Posts Tagged ‘dot files’

Linux find files while excluding / ignoring some files – Show all files on UNIX excluding hidden . (dot) files

Friday, August 22nd, 2014

A colleague of mine (Vasil) asked me today, how he can recursively chmod to all files in a directory while exclude unreadable files for chmod (returning permission denied). He was supposed to fix a small script which was supposed to change permissions like :

chmod 777 ./
chmod: cannot access `./directory': Permission denied
chmod: cannot access `./directory/file': Permission denied
chmod: cannot access `./directory/onenote': Permission denied

First thing that came to my mind was to loop over it with for loop and grep out only /directory/ and files returning permissioned denied.

for i in $(find . -print | grep -v 'permission denied'); do echo chmod 777 $i; done

This works but if chmod has to be done to few million of files, this could be a real resource / cpu eater.

The better way to do it is by only using Linux find command native syntax to omit files.

find . -type f ( -iname "*" ! -iname "onenote" ! -iname "file" )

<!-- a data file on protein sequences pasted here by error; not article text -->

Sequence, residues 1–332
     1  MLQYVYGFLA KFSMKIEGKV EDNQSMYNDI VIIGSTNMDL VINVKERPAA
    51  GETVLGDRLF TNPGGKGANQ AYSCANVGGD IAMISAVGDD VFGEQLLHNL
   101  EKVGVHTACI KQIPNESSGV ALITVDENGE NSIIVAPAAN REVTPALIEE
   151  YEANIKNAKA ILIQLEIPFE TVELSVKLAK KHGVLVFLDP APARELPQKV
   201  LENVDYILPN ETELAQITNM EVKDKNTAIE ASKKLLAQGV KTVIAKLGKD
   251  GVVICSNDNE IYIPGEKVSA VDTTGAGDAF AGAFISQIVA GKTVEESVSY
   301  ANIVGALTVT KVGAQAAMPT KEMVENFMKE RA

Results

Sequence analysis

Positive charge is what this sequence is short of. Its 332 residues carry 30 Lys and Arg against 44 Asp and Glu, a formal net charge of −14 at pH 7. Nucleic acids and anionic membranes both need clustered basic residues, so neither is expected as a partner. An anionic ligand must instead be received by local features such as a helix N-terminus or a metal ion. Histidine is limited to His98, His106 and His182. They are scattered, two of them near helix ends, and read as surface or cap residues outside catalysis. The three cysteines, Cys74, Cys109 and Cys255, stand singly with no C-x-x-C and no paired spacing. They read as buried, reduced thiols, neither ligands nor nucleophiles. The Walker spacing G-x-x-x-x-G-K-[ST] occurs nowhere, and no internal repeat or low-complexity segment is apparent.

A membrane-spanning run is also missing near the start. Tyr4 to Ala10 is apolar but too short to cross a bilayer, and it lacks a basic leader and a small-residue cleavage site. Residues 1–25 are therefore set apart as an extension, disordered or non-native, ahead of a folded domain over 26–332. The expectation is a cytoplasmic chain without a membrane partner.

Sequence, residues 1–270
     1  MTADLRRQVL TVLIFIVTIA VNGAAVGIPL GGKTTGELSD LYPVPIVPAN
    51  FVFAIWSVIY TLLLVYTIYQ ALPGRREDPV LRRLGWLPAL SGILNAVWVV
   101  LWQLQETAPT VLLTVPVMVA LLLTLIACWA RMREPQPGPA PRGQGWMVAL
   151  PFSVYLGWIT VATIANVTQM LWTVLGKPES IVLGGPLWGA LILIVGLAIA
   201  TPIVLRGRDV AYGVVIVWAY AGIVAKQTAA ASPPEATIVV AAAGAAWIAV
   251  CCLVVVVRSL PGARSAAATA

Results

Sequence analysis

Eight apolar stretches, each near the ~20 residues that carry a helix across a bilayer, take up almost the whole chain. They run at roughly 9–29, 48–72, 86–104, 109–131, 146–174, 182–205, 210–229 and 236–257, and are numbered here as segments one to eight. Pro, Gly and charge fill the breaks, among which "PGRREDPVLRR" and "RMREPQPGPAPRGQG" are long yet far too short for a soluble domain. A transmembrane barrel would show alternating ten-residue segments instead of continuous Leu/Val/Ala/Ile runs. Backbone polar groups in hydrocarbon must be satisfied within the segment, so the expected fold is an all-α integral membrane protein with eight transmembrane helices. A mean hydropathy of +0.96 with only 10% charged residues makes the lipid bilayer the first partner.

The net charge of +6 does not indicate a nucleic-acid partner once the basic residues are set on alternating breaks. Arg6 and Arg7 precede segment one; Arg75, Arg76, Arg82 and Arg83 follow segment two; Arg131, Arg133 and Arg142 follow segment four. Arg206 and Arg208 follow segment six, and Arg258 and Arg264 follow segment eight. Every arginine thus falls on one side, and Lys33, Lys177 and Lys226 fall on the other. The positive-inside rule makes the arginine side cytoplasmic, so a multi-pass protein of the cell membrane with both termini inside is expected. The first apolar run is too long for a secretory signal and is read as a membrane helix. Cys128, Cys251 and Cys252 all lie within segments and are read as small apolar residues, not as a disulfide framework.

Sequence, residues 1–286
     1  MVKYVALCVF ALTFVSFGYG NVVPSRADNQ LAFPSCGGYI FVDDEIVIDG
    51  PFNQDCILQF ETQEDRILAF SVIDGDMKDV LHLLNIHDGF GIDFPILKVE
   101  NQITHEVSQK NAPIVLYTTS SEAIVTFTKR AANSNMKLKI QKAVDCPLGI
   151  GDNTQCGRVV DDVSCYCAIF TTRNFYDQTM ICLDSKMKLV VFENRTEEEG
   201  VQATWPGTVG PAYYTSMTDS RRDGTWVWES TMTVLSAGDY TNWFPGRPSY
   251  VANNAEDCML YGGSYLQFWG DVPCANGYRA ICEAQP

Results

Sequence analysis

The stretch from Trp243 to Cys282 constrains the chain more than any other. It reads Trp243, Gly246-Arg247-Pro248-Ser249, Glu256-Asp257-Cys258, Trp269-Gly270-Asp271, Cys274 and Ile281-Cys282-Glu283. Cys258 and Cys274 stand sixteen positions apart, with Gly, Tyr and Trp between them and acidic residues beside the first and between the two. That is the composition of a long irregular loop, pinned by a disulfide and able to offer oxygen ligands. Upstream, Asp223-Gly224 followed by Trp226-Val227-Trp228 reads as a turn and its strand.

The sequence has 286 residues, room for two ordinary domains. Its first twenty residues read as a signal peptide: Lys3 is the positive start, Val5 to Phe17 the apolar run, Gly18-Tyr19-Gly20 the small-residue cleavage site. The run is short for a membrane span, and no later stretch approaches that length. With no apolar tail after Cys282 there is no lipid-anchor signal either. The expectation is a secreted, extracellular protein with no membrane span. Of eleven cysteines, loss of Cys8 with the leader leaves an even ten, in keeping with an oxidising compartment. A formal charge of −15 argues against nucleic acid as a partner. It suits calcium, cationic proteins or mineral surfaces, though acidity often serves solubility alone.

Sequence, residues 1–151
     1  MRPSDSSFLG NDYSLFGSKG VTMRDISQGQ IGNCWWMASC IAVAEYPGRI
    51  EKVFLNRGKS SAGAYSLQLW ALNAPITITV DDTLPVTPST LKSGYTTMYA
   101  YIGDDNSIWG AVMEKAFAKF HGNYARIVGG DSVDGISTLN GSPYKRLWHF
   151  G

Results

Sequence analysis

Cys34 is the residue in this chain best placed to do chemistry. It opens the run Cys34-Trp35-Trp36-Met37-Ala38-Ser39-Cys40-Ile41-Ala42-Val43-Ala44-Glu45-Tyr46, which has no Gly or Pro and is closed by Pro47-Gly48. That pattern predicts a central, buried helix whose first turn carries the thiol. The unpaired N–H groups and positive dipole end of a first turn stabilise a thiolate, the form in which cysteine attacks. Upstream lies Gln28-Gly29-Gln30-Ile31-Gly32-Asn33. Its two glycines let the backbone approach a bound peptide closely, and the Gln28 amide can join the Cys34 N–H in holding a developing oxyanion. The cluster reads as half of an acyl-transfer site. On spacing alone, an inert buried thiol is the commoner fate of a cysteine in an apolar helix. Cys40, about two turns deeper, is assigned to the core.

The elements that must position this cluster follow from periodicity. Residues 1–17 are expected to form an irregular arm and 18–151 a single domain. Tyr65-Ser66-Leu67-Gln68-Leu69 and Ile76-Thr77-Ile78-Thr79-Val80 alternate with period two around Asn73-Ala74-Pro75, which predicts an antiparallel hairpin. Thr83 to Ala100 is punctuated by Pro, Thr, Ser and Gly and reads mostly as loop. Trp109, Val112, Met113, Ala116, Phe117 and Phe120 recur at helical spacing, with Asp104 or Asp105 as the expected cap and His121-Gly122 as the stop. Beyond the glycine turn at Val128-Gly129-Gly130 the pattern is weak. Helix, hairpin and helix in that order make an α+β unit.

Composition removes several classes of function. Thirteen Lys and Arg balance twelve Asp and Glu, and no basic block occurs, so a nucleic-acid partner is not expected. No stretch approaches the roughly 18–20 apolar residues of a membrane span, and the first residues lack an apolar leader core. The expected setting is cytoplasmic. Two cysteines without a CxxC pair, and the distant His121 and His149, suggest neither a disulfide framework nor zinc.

Above find will print all files in . – current directory from where find is started, except files: onenote and file.
To exclude

Search and show all files in Linux / UNIX except hidden . (dot) files

Another thing he wanted to do is ignore printing of hidden . (dot) files like .bashrc, .profile and .bash_history while searching for files – there are plenty of annoying .* files.

To ignore printing with find all filesystem hidden files from directory:

find . -type f ( -iname "*" ! -iname ".*" )

on web hosting webservers most common files which is required to be omitted on file searches is .htaccess

find . -type f ( -iname "*" ! -iname ".htaccess" )

  In order to print only all hidden files in directory except .bashrc and .bash_profile:

find . -type f ( -iname '.*' ! -iname '.bashrc' ! -iname '.bash_profile' )

Another useful Linux find use for scripting purposes is listing only all files presented in current directory (simulating ls), in case if you wonder why on earth to use find and not a regular ls command?, this is useful for scripts which has to walk through millions of files (for reference see how to delete million of files in same folder with Linux find):

find . ! -name . -prune


"! -name . " –  means any file other than current directory

prune – prunes all the directories other than the current directory.